Covid-19 vaccine in Africa

South Africa triumphs as 400m J&J vaccines secured for African continent

A South African healthcare worker receives a dose of the Johnson & Johnson vaccine against Covid-19 at the Klerksdorp Hospital on 18 February 2021.
A South African healthcare worker receives a dose of the Johnson & Johnson vaccine against Covid-19 at the Klerksdorp Hospital on 18 February 2021. © AFP - Phill Magakoe

African countries will be able to access up to 400 million Covid-19 vaccine doses from US pharmaceutical company Johnson & Johnson, the African Export-Import Bank (Afreximbank) said on Monday.

Advertising

“This agreement is a significant milestone in protecting the health of all Africans,” said South African President Cyril Ramaphosa, who is chairperson of the African Vaccine Acquisition Trust (AVATT), an initiative to help the continent secure coronavirus vaccine doses.

The agreement secures 220 million doses of the Johnson & Johnson vaccine in the first instance, with the opportunity to buy an additional 180 million doses. The price per dose was not outlined.

The vaccines will be produced by a South African pharmaceutical company Aspen Pharma through an agreement with the US drugmaker. Most of the doses will be produced at Aspen Pharma’s facility in the Eastern Cape.

“Aspen belongs to us as South Africans,” Ramaphosa said, during a visit to the vaccine production site on Monday. “We as South Africans must be in pole position to receive these vaccines and for them to be made available to the continent immediately,”

The deal was made through some US$2 billion provided by Afreximbank, who are effectively underwriting the purchase. It is understood that African countries will take out loans with the lender to buy the doses.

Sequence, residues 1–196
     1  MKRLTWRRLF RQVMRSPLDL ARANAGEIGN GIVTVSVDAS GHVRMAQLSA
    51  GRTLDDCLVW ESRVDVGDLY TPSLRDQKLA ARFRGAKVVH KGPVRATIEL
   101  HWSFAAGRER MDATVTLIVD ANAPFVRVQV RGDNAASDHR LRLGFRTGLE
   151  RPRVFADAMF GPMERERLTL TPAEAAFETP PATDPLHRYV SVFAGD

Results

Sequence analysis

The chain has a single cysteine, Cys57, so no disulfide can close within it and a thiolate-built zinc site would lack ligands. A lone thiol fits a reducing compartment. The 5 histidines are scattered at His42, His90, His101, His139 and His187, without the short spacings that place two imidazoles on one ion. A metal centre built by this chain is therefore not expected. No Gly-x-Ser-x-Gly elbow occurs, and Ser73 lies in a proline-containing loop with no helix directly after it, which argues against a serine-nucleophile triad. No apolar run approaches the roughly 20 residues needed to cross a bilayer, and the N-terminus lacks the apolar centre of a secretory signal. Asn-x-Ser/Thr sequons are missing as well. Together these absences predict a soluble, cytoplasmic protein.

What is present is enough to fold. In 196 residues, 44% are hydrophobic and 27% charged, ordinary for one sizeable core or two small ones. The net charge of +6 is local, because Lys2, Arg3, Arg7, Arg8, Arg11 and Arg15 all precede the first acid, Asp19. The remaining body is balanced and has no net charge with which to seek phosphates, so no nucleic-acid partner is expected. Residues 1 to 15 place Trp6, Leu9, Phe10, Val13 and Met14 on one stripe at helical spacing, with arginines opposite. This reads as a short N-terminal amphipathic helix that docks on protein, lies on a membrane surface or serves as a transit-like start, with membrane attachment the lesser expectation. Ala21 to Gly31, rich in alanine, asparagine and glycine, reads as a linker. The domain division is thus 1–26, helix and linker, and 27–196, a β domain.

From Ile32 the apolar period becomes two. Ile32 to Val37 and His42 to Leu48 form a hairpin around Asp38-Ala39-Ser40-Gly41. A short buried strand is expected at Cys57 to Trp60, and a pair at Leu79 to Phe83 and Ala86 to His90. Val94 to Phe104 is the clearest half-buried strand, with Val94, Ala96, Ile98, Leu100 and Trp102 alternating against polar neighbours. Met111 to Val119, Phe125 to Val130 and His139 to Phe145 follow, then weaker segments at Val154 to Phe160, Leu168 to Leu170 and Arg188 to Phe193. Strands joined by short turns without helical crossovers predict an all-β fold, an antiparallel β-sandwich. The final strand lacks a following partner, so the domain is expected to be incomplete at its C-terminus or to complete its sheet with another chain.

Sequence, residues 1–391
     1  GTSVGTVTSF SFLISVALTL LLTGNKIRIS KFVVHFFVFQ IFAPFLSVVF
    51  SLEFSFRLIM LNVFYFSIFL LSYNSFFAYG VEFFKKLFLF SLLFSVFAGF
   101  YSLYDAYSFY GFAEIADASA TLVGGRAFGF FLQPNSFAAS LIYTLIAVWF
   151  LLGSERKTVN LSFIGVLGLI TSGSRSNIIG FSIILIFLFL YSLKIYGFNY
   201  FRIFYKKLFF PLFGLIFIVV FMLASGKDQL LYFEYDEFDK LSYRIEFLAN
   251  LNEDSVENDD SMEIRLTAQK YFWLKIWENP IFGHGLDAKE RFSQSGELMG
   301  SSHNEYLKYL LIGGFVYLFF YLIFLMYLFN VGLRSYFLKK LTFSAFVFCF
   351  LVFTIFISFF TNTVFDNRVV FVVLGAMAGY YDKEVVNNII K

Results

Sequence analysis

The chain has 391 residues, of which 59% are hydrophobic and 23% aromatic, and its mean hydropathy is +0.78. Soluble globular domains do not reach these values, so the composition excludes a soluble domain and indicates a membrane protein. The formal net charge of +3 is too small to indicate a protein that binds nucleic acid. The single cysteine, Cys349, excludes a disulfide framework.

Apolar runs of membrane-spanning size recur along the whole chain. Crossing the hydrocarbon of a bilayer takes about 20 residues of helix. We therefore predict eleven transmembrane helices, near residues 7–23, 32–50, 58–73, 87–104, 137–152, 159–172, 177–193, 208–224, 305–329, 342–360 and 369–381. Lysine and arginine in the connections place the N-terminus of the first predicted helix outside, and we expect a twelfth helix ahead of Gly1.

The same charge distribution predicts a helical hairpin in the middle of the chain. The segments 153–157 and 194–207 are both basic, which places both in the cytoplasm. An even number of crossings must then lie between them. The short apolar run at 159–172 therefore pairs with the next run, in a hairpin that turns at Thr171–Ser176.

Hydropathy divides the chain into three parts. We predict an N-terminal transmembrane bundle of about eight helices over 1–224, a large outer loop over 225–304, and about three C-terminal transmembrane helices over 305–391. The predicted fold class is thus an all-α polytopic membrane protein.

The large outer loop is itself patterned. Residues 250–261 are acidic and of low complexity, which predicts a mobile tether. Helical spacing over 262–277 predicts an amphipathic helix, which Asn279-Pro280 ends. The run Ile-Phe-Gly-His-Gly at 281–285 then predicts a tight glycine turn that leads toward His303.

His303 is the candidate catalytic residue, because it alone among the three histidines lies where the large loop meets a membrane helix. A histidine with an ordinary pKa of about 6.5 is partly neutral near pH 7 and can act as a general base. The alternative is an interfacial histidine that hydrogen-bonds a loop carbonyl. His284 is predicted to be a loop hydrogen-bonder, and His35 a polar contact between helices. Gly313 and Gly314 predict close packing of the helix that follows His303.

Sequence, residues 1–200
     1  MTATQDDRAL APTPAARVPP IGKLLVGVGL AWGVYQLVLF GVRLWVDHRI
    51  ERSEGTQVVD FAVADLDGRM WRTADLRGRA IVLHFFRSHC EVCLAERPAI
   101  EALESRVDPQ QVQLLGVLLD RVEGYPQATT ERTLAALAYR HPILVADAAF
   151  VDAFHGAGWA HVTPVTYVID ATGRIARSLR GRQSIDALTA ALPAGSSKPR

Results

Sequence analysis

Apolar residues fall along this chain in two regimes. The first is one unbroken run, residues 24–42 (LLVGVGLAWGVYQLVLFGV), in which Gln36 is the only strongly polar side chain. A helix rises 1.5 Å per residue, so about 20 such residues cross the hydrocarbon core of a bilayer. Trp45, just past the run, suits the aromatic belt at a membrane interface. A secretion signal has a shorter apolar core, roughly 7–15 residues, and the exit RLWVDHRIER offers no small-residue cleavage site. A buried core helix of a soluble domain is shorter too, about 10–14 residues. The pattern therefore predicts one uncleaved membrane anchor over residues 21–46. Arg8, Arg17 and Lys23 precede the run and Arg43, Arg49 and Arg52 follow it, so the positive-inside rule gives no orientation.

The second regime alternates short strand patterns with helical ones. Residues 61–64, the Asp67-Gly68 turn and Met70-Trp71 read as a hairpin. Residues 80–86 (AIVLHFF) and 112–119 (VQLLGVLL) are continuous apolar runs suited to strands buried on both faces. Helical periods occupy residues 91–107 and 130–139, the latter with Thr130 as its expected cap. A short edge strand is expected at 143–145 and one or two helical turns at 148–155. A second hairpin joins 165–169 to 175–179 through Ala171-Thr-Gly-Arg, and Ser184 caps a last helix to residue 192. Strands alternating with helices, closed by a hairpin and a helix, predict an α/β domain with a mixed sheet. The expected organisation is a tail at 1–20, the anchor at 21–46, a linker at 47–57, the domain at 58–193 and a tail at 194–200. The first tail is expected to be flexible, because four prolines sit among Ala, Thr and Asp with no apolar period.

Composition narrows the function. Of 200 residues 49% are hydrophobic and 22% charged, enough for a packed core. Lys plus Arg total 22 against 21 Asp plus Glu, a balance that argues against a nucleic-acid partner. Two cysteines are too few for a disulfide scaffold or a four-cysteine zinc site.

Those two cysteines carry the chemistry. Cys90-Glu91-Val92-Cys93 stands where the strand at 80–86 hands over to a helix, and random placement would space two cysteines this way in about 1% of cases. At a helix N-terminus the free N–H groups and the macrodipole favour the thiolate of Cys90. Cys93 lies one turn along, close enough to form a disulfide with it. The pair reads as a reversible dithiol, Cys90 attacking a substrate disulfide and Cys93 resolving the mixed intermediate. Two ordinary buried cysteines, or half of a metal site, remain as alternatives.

Afreximbank said that African countries had a strong preference for the Johnson & Johnson jab. It is a single shot dose that has been granted emergency use status by the US Food and Drug Administration.

The vaccine has been shown to be 66% effective in clinical trials, according to the US Centers for Disease Control and Prevention, providing protection against Covid-19 some two weeks after receiving an injection.

The other popular viral vector vaccine, AstraZeneca, was sold by South Africa to other African countries over concerns that it offered minimal protection against the South African variant of the coronavirus.

The African continent had struggled to secure doses of Covid-19 vaccines, as pharmaceutical companies struck deals with more powerful and wealthy countries.

There are fears that insufficient vaccination programmes across Africa could leave the continent isolated and cut off from the world.

Africa is expected to receive 88 million doses of the AstraZeneca/Oxford and Pfizer-BioNTech vaccines through the COVAX facility, a global initiative designed to provide equitable access to vaccines for all participating nations, by the first half of 2021.

Daily newsletterReceive essential international news every morning